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Media, ethics, and journalism. What works. What doesn't.

Jeffrey Dvorkin

Wednesday, April 13, 2011

Canada's Political Debate: Not Ready for Prime Time?

Last night, the English-language debates among the four Parliamentary party leaders were broadcast in Canada.

Tonight, the French-language debate will take place - one day prior to the originally scheduled broadcast. It was moved up by a day, so as not to conflict with something truly of importance in Quebec, the first Stanley Cup playoff between Montreal and Boston.

Hockey-mad Quebeckers (like their counterparts in the rest of the country) would have ignored the debates almost entirely. So it was a smart move by the broadcast consortium.

I was asked to comment on CP24, the all news local cable channel in Toronto, owned and operated by CTV, Canada's largest and most successful commercial network. CTV is in turn, owned by Bell Media.

It was a lively affair, with CP24 running tweets from viewers in a crawl underneath the live coverage of the debate. The tweets were much more lively than the debate itself, and as usual, it allowed the viewers to ignore the program and concentrate on the smart and smart-alecky remarks at the bottom of the screen.

As a piece of television, the debates were substance-rich, which meant they were lousy TV. As Trina McQueen, the former head of CBC News and CTV remarked, if a political debate is to be good TV, it should resemble "So You Think You Can Lead Canada."  None of the above seemed to have much rhythm last night.

The party leaders talked about taxes, Canada's declining international reputation, immigration, crime and health care. The Prime Minister was on the defensive on every subject, but, as others have noted, his steely eyed lack of affect allowed him to play the role of "teflon man."

The opposition leaders occasionally scored a rhetorical point or two.

NDP leader Jack Layton was best in this version of "Question Period." He ought to since he's had more Parliamentary experience. Gilles Duceppe, the separatist leader of the Bloc Qu├ębecois had nothing to lose, so his shots were pretty good. Liberal leader Michael Ignatieff seemed to be channeling his inner academic which allowed him to lecture in a rather unconvincing way. Like my prof in early modern English history, he said some interesting things, but will they be on the exam? Prime Minister Stephen Harper was...well, his usual self.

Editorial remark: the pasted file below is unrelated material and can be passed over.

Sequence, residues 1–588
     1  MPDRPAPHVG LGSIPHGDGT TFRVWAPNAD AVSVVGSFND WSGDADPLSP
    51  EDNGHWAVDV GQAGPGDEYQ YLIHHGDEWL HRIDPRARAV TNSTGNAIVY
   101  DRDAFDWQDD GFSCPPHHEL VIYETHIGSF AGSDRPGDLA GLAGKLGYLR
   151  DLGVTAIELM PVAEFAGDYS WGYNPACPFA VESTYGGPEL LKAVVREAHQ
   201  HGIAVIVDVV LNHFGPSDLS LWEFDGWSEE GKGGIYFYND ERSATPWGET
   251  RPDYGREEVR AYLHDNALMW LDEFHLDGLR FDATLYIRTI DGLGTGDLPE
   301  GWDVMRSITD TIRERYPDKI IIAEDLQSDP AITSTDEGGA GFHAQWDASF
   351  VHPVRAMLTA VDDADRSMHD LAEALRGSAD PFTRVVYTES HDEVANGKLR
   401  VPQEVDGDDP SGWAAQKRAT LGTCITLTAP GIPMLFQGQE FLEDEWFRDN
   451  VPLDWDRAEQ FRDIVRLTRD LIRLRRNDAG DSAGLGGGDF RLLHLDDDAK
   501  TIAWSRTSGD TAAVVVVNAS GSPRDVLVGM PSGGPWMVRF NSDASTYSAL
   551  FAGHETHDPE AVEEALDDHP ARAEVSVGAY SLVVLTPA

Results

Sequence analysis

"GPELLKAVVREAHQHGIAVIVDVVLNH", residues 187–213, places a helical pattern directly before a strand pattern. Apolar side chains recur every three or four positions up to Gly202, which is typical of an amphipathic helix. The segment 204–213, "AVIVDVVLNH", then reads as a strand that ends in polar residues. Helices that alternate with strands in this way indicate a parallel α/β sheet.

Television is probably the last place where we should expect clarity on political matters. The leaders were caught between trying to be substantial in a medium that mostly disparages content. The audience they were seeking wasn't the voters, but the political journalists and commentators who would give one or none the thumbs up or down later that night.

The conclusion was that Harper won, simply by not blinking. Layton won by giving the NDP supporters the illusion of victory which again - won't turn into seats in the House of Commons on May 2nd.

Duceppe was there as a foil for the others, although he did get off a couple of zingers at Harper's expense.

Ignatieff was solid, but in the end just not compelling. Which is so surprising.

I remember him when he was on the BBC as a commentator in the late 1980s. He was smart, fast, cerebral and hip. Katherine Whitehorn in The Observer called him "the thinking woman's crumpet.

Have a look here and you'll see some of those qualities.

Coming back to Canada seems to have drained all that energy out of him. Can he shake off his handlers and go back to what he once was? With only two weeks left in the campaign, it doesn't look likely.

Last night's debates probably didn't change many peoples' minds. The issues and the leaders haven't made that magic connection with the voters. But it was a virtuous and civic couple of hours.

Compared to our fellow North Americans south of the border, I guess Canadians should consider themselves lucky to be so bored.

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